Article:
Love them all. Let God sort them out.

When the Catholics were fighting the Cathars in the thirteenth century, the French city of Beziers was under Cathar control — but after a siege, fell to the Catholics. About to enter the city, the commander wondered about how he could distinguish the true heretics from others who may have been faithful to the pope. Apparently the papal representative responded to this question with the now legendary phrase, “Kill them all, God will recognize his own.” Over the years it has morphed into the snappier “Kill them all; let God sort them out,” now a kind of wisecrack aimed at lampooning the take-no-prisoners approach to fighting (whether in a military, political, or some other setting).

Okay, so it’s funny in a sick sort of way. But that’s about all it’s good for. Today, this medieval sensibility is not only bad military policy, it’s just plain bad policy in general — but it’s surprising how many people have a “kill ‘em all” approach to life. But for those of us who seek to live God-infused lives, I think we need to get in the habit of turning this line inside out.

I’m amused when I encounter Christians who are uncomfortable forming friendships with people whose theology they find questionable (liberal ex-pagan mystic-lover that I am, my theology gets questioned a lot). Yeah, there are lots of people whose theology or values or ethics I have problems with, too. But I think the Christian’s motto ought to be “Love them all; let God sort them out.” In Christ we have been liberated from the awful burden of having to judge others. In this freedom beyond judgment, we are at liberty to simply love, joyfully, lavishly, unconditionally. In doing so, will we love some folks who may not share our values? Most assuredly. Will we love people whom others see as scandalous or even wicked? Perhaps, if not probably. Will our prodigal love make us appear foolish to others? I suspect as much. Is it even possible that we will (gasp) love people whose faith is entirely different from our own, or (double gasp) who engage in sexual behavior radically unlike our own? In this world, you bet. But just as we have been directed not to judge other people, so too we have been set free from the burden of judging ourselves. We are simply called to love as Christ loved us. Whether the person we love is our best friend, our theological soul mate, or even someone who subtly (or not so subtly) tries to undermine everything we stand for, it doesn’t matter. Judge not. Cast out the fear. Just love — simply love. Take delight, accept, celebrate, enjoy. Love them all — and let God sort them out.

In Memoriam: Kenneth Leech
Mysticism and the Divine Feminine: An Interview with Mirabai Starr
Sanctity and Struggle, or, Why Saints Have Chaotic Inner Lives (Hint: It's Because We All Do)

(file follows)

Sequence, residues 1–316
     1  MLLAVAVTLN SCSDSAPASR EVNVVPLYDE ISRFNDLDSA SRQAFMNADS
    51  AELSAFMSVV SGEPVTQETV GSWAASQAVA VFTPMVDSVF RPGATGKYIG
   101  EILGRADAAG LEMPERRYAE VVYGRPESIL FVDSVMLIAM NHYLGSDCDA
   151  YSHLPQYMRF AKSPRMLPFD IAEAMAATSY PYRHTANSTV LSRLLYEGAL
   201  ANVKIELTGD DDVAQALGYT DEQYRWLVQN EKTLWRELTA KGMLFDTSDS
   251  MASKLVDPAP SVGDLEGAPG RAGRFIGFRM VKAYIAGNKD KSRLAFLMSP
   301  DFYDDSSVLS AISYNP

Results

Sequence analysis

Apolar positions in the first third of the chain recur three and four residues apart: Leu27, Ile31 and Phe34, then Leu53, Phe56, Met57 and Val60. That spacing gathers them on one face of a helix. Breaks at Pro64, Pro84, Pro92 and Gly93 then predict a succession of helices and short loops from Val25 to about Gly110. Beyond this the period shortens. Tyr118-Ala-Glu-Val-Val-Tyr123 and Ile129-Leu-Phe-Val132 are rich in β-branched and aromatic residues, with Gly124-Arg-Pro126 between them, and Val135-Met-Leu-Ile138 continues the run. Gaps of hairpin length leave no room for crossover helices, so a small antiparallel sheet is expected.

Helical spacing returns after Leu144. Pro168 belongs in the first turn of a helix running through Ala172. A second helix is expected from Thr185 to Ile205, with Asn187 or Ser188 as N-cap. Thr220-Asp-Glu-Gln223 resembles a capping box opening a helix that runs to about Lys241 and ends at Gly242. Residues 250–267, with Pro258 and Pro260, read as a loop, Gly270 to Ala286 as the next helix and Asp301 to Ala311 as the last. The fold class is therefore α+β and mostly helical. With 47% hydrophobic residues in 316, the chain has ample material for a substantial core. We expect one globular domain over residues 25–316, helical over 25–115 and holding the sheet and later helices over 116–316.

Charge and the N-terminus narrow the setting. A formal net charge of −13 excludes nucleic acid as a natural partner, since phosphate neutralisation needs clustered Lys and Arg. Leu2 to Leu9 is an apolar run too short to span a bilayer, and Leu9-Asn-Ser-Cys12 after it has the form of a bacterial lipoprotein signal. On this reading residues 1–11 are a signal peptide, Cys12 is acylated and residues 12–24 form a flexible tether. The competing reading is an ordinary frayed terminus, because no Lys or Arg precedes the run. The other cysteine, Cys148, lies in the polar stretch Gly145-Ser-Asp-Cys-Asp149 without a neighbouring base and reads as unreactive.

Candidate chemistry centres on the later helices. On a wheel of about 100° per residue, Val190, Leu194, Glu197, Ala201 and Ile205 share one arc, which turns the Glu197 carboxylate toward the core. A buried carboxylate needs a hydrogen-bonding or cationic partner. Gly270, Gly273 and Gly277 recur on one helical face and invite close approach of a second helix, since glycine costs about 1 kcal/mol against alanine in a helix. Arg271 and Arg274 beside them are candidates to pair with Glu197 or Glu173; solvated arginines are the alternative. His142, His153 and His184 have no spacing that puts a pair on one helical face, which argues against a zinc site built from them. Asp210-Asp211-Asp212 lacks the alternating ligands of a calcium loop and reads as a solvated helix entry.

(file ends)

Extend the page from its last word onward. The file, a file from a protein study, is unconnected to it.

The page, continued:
What Has Not Yet Been Revealed
About Carl McColman

Author of Befriending Silence, The Big Book of Christian Mysticism, Answering the Contemplative Call, and other books. Retreat leader. Speaker. Professed Lay Cistercian.

  • Yvonne

    Exactly. “Judge not, that ye be not judged.” “Let he who is without sin cast the first stone.” etc.

    All you need is love.

  • Treasa

    My Sons & Nephews formed a Christian “rock” band,
    They play for *everyone* It took some adjusting for me to accept them
    playing bars and such but we’re all treated pretty well in those places.
    In fact there is usually a loud row of applause when Our Lord is given credit.

  • Jim League

    Love’em all and let God sort them out.

    Be careful lest this philosophy causes us to ignore the imperative that we not only love the lost, but that we warn them of the judgment to come. I am not obliged to “judge” someone else’s religion in the sense that I will determine his or her eternal destiny.

    But I am obligated to point out to them that Jesus is the only way to God. That is what He said. If I believe Him, should I not believe and follow what He said?

    Even to the woman caught in adultery, the challenge for the perfect person to cast the first stone was followed by, “Neither do I condemn you. Go and sin no more.”

    Jesus was not excusing nor accepting her lifestyle. He was accepting her, but calling her out of her life of sin. We cannot forgive people their sins. But we can call them out of sin to the Savior Who can and will forgive them when they call on Him.

  • Gordon Odell

    This very phrase came to me years ago as I prayed for the Episcopal Church and its dealing with “the gay issue.” If we are to “love thy neighbor” and “love thine enemy,” who is left? It (Christianity?) is about uniting with one another and with God. How could it be about anything other than “Love them all…?”